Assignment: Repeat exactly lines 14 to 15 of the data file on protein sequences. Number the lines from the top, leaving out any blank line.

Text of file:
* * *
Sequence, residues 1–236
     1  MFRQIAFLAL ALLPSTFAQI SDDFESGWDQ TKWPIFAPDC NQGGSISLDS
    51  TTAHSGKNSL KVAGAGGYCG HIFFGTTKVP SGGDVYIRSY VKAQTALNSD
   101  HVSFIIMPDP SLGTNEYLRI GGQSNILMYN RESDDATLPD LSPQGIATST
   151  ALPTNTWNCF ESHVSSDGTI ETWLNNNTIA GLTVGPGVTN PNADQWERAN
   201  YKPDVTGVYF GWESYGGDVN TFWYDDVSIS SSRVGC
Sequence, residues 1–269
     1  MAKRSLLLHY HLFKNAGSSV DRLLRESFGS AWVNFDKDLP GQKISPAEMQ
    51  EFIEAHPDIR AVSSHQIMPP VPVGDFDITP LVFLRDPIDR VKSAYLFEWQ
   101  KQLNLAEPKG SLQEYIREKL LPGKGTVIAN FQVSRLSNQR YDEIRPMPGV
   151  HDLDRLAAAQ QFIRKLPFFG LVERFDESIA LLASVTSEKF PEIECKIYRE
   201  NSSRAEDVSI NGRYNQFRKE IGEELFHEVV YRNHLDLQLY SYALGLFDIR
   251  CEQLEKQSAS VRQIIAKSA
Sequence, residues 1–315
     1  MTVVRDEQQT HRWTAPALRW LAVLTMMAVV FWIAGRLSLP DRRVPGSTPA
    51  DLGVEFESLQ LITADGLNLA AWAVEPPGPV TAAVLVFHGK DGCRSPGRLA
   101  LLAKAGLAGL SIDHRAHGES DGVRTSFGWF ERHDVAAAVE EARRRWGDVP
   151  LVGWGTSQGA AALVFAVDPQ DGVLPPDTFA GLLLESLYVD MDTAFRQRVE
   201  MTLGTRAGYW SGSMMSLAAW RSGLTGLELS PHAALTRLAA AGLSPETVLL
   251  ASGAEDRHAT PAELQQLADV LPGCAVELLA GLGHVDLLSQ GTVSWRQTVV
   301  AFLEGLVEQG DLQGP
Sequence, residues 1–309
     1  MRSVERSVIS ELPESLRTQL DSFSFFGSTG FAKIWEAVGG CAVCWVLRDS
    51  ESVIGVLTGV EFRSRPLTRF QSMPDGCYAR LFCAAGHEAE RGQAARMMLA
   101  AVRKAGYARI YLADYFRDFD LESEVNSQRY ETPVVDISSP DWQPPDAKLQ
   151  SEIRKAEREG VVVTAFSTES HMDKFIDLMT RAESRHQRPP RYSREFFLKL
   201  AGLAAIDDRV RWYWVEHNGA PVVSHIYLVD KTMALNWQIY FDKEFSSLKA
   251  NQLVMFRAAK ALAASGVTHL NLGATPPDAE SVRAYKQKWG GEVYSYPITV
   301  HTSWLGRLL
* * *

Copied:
Sequence, residues 1–315
     1  MTVVRDEQQT HRWTAPALRW LAVLTMMAVV FWIAGRLSLP DRRVPGSTPA